* * * * *
Or, The Wrong Dude
by A. Rey Pamatmat
Rod thinks the game is fixed. Momo’s still learning the rules. Twee doesn’t think winning is enough. JJ hates his hand. And why the hell is Henry still playing? Two families (and some guy named Henry) panic with hilarious and heart-breaking results when they realize their parents won’t be around forever. Can anybody prepare for the inevitable moment when they’re the ones left holding all the cards?
With Tina Chilip, Jojo Gonzalez, Mia Katigbak, Jeffrey Omura, Conrad Schott, Tiffany Villarin, and James Yaegashi
Produced by Ma-Yi Theatre Company
HERE Arts Center
145 Sixth Avenue
March 25 – April 16, 2016
The good news keeps on rolling in. Two more great reviews of About Face Theatre‘s after all the terrible things I do came out this weekend.
REVIEW: after all the terrible things I do (Chicago Theater Beat, March 28, 2016)
Buzz-eriously! 3 reasons to see after all the terrible things I do from About Face Theatre (Buzz On Stage Chicago, March 29, 2016)
I am so thrilled by the show and that Chicago has welcomed it with open arms. I love that city so much, and I’m glad I could contribute something meaningful to their theatre scene. Don’t miss this chance to see the amazing, critically-acclaimed work of Andrew Volkoff, Colin Sphar, and Lisa Tejero. There are ten performances left!
You’ve seen the pictures from tech on social media (oh, you haven’t? Go here!), which means previews for Ma-Yi Theatre Company’s world premiere of House Rules is right around the corner. Like, literally right around the corner. Like, tomorrow.
I am so excited for this production team and these amazing actors who are having a great time bringing these characters to life. I’ll be posting more about the play as we approach opening night on March 31st, but for now I thought I’d just reshare this interview from The Lark’s workshop of the play where Sam Hunter asked me about House Rules’s origins.
And what’s a House Rules post without another video promo shot by the lovely Rehana Lew Mirza? Get a load of this ridculousness!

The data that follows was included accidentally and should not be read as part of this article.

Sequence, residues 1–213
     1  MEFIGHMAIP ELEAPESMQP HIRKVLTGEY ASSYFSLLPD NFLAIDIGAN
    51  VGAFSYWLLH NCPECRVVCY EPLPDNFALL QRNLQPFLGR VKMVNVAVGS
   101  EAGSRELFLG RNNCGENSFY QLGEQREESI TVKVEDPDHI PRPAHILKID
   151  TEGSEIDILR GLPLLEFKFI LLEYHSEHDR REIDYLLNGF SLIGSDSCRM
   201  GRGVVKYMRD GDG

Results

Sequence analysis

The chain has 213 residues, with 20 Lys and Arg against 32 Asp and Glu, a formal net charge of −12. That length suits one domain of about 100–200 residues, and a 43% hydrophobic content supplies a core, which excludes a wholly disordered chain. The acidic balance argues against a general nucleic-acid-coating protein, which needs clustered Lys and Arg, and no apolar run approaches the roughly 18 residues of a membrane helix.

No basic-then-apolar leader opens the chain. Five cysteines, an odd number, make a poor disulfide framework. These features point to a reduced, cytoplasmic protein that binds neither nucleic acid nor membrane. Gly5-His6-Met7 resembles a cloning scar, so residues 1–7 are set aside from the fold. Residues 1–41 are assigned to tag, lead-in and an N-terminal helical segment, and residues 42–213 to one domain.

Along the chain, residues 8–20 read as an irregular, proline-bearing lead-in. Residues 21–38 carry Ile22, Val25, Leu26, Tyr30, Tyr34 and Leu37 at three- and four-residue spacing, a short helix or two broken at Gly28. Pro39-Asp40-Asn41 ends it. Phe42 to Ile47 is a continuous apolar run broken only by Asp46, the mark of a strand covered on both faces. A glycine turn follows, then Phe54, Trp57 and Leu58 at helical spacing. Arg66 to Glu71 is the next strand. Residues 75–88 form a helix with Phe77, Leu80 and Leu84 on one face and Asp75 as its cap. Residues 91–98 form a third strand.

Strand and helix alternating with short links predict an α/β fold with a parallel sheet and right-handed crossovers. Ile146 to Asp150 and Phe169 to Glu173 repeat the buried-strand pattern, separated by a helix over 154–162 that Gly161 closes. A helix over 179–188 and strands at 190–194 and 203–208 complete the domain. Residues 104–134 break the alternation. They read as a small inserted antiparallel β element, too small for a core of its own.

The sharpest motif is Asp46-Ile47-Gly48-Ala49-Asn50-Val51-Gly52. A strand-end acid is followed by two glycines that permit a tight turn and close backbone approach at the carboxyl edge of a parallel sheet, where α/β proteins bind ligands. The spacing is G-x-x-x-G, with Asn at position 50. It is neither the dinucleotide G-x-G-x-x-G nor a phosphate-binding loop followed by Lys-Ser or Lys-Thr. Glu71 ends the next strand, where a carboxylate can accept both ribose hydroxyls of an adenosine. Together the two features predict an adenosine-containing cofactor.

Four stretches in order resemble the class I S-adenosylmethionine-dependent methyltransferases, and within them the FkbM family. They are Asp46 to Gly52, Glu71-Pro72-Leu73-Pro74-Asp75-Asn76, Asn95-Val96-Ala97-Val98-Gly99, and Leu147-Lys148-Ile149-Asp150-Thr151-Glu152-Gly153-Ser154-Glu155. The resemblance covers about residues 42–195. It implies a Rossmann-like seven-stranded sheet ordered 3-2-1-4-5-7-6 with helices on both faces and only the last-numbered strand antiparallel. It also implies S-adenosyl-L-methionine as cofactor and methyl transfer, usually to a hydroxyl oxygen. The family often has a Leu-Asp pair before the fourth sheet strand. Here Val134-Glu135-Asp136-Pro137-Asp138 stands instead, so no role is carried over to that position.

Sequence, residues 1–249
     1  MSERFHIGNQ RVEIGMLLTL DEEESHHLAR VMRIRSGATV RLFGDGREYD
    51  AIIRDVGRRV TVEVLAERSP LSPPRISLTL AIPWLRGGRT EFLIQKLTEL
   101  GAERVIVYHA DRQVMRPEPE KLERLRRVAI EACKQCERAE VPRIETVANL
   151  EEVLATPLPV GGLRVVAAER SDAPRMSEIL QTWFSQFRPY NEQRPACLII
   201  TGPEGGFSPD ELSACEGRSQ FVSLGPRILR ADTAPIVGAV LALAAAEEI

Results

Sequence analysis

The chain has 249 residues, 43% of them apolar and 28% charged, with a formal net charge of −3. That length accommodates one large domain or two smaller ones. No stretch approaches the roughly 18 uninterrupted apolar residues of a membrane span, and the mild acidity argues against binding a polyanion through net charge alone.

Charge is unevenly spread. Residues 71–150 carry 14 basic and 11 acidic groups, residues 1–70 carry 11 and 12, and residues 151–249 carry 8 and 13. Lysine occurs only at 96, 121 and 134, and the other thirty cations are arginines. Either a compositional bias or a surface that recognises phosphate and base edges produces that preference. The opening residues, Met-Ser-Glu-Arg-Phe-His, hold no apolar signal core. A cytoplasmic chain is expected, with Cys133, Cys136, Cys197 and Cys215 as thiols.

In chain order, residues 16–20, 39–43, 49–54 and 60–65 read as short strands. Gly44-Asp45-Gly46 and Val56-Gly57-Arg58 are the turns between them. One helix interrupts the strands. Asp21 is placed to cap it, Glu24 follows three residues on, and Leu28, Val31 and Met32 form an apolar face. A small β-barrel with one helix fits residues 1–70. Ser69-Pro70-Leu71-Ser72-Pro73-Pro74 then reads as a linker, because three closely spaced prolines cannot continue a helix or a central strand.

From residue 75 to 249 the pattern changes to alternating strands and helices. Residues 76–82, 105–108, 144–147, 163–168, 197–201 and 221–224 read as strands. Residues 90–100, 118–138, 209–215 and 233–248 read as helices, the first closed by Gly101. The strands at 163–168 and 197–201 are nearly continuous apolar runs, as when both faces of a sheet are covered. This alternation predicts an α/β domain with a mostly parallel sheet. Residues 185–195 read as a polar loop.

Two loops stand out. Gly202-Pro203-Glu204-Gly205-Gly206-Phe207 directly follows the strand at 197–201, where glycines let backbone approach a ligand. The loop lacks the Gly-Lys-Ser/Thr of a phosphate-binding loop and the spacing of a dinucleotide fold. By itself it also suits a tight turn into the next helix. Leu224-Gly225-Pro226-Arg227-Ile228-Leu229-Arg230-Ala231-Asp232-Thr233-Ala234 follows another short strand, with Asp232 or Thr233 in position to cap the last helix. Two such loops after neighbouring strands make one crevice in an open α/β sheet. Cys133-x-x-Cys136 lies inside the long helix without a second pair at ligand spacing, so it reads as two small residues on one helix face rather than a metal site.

Join us for the show! You can get tickets here. And wish us breaking legs at our first preview tomorrow night!!!
Time Out Chicago reviewed About Face’s production of after all the terrible things I do half a day after I posted all those other ones, and they gave us 4 stars!
“[A] smart and keenly acted About Face Theatre production… after all the terrible things I do, like O’Hara’s “Poem,” is a quietly evocative consideration of forgiveness.”
— REVIEW: after all the terrible things I do (Time Out Chicago, March 23, 2016)
SERIOUSLY, EVERYBODY, GO BUY TICKETS NOW. Don’t do that thing where you try to go in the last week, and you can’t get in even if you pay full price. See it now, or at least get your tickets. There’s even a promotion for $20 matinee seats if you use the code AFT20 going that probably won’t last much longer considering all these amazing notices.
In terms of critically acclaimed productions, after all the terrible things I do is officially three for three. Congratulations to Andrew and everyone at About Face Theatre!
“Pamatmat… upends the pat notions we may have about the dynamics of homophobia and bullying…. Andrew Volkoff’s handsome production has much to recommend it, especially in the nuanced give-and-take between Sphar and Tejero, from good-natured teasing to spiky anger.”
—‘after all the terrible things I do’ lets words drive the action (Chicago Tribune, March 22, 2016)
“Andrew Volkoff’s staging for About Face Theatre offers dynamic performances by Colin Sphar as a young, gay writer with a big secret and Lisa Tejero as an aging bookseller with one of her own.”
— REVIEW: after all the terrible things I do (Chicago Reader, March 22, 2016)
“A lacerating drama by A. Rey Pamatmat… magnificently mined by Andrew Volkoff….”
— Chicago Theater Review: after all the terrible things I do (Stage and Cinema, March 19, 2016)
“I highly recommend this beautiful, engaging performance. If history tells us what happened, it is shows like this that tell us why.”
— REVIEW: About Face Theatre’s ‘after all the terrible things I do’ (Showbiz Chicago, March 19, 2016)
“Pamatmat’s writing deftly and eloquently explores people grappling with things they regret, but can’t put right… Andrew Volkoff’s production and his two outstanding actors tell a story that shows people at their ugliest and most vulnerable, and still treats them with great sensitivity… a highly rewarding drama.”
— REVIEW: after all the terrible things I do (Chicago Critic, March 21, 2016)
“…a highly polished and authentic two-hander brimming with humor, mystery and drama.”
— Strong work in AFT’s after all the terrible things I do (Third Coast Review, March 21, 2016)
“Highly recommended. About Face Theatre is on a roll.”
— REVIEW: after all the terrible things I do (Around the Town Chicago, March 18, 2016)
Don’t miss out! Get tickets here before About Face’s production of after all the terrible things I do closes on April 10th.